Creating strong candidate personas doesn't happen by accident. It involves following a structured process that'll help you hire more effectively based on real insight rather than assumptions and any preconceived notions you might have.
It helps to be laser-focused in your approach
Start off by thinking about what’s your most important persona. Give them a name and focus on them. It’s better to form a strong connection with your key target group rather than spread yourself thinly by creating a ton of weak profiles.
From here, it's time to hunt down your hiring managers, key employees and candidates to get the ammo you need before you can even begin to think about building out your personas.
This is where all the valuable hard work gets done. A well-thought-out persona should be based on data and testimonials from existing employees and real candidates. So, try to avoid gut feel and assumptions.
Instead, get people talking to find out more about them, the role and their experience with your company.
For the purpose of this exercise we’ve focused on a marketing executive role and called our persona Marketing Maria.
What’s it really like to work in the marketing department? Your employees will let you know the full truth so start with the current team and feel free to move on to other colleagues in the company.
Ultimately, your existing employees should have a lot of the traits you’re going to be looking for. All you need to do is ask questions around their goals, interests, what they enjoy about the role and what it takes to be successful.
Getting buy-in from your hiring managers and recruiters is a crucial part of the process.
Find out what they’d expect to see in a marketing new starter and how they source candidates.
Explore the areas mentioned at the creation stage: define the appropriate job title (these can vary across different companies), where they work, the skills you’re looking for, their experience, location, goals and aspirations and re-examine the way your team is currently reaching candidates and where they need to look.
You’ve got the inside track. Now it’s time to get an unbiased opinion. Explore why current and previous marketing candidates are applying to work for you and see how their answers compare to your employees’ responses.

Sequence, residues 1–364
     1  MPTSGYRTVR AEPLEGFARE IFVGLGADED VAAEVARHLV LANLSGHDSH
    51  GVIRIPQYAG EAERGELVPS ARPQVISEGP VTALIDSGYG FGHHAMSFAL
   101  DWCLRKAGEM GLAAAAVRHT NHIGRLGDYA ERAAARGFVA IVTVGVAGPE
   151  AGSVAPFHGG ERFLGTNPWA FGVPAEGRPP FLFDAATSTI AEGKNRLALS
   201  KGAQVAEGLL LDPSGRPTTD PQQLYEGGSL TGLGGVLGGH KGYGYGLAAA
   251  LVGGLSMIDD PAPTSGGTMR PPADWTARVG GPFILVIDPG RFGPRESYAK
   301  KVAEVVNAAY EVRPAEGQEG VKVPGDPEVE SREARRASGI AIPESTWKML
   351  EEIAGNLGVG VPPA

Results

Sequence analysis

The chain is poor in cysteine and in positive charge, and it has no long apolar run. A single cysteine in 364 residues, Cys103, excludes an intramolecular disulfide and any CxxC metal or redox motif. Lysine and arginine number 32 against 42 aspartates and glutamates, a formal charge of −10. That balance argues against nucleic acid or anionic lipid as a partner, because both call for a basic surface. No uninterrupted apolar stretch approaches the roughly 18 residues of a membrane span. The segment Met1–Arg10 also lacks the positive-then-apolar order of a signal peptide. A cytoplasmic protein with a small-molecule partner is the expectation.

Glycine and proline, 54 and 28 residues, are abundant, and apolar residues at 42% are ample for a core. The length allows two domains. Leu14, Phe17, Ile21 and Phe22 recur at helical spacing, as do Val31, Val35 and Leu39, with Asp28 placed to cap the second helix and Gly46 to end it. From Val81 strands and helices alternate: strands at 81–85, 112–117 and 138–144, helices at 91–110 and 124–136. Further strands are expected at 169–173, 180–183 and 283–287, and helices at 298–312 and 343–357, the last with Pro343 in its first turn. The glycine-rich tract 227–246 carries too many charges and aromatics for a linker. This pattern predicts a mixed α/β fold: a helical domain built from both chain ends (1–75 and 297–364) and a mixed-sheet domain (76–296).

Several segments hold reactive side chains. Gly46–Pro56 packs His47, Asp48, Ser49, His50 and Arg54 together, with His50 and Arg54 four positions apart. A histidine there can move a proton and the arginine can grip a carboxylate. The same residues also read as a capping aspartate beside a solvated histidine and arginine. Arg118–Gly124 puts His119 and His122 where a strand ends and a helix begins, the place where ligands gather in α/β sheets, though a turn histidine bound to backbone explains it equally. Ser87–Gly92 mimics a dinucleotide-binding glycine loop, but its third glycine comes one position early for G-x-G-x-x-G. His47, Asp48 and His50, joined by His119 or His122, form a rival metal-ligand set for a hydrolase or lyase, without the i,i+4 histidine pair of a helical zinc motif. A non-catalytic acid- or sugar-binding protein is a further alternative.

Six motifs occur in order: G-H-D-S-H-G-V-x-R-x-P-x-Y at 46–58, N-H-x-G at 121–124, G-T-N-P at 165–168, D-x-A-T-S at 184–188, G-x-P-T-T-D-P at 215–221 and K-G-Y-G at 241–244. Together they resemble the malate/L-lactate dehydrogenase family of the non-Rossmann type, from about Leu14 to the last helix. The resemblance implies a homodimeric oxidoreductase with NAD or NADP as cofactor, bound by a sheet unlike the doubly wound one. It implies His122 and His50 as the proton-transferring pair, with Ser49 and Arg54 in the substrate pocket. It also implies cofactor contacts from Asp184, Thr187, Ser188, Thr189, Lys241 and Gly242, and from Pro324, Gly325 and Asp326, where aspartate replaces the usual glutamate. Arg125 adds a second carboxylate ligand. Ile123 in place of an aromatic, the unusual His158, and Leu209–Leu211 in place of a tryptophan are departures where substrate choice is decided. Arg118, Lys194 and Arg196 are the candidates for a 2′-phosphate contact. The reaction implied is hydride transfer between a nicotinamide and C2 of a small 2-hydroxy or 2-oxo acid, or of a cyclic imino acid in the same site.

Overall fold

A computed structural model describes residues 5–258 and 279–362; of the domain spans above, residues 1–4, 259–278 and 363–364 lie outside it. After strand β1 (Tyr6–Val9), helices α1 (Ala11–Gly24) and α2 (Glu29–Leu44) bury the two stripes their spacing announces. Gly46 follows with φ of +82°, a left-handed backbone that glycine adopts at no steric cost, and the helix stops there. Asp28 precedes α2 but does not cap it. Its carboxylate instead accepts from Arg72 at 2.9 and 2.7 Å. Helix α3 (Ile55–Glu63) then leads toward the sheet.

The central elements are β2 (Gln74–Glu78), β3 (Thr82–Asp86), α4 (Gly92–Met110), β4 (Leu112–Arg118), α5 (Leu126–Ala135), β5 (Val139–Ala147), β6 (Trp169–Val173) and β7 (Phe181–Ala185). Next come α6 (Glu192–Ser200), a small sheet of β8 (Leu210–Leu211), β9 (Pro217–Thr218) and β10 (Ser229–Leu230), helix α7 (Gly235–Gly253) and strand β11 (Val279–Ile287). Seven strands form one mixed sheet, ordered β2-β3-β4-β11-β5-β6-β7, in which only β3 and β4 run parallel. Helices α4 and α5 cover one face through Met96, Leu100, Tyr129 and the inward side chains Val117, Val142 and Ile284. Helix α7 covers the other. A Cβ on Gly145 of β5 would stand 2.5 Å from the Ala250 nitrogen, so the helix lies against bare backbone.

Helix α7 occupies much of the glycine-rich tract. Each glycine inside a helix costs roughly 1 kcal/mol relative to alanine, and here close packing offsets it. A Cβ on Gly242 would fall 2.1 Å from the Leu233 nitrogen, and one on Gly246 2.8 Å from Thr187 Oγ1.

And don’t forget about unsuccessful applicants too.
You’ve collected a lot of data. Now it’s time to turn the insights you’ve gathered into action.
At this stage you’ll have a good idea about what your ideal hire looks like.
But are there any common themes running through your findings that you can use to gain an even bigger edge?
If we use our example, it could be that your most successful marketing hires have come from a digital agency background and thrive in fast-paced environments.
You’re bound to uncover a few key themes so use these to your advantage.
Let’s examine an example persona we’ve created for our marketing executive role.
It encompasses all of the research and analysis conducted in the initial stages of discovery and enables the recruitment team to hire more effectively.
As you can see it’s targeted enough to form a holistic view of the ideal candidate. However, there’s no waffle, just concise statements that keep everything on track.
Download our guide to see personas in action, learn more about how personas feed into a wider attraction strategy and how to measure their impact.
And feel free to drop me a line at email@example.com if you’d like to chat more about crafting effective candidate personas.
To create strong candidate personas you've got to be laser-focused and follow a structured process.
But what should this involve?
In this blog we examine:
The Sunday Times, Top 100 Best Small Companies to Work For (2019)
Best Companies, Top 75 Best Companies to Work For in the South East (2019)
Best Companies, 3-Star Accreditation (2019)
LinkedIn, Top 25 Most Socially Engaged Staffing Agencies (2016, 2017 & 2018)
Marketing & Digital Recruitment Awards, Best Recruitment Website (2018)
IRP, Best Recruitment Apprentice Award (2016 and 2017)
IRP, Best People Development Business Award (2017)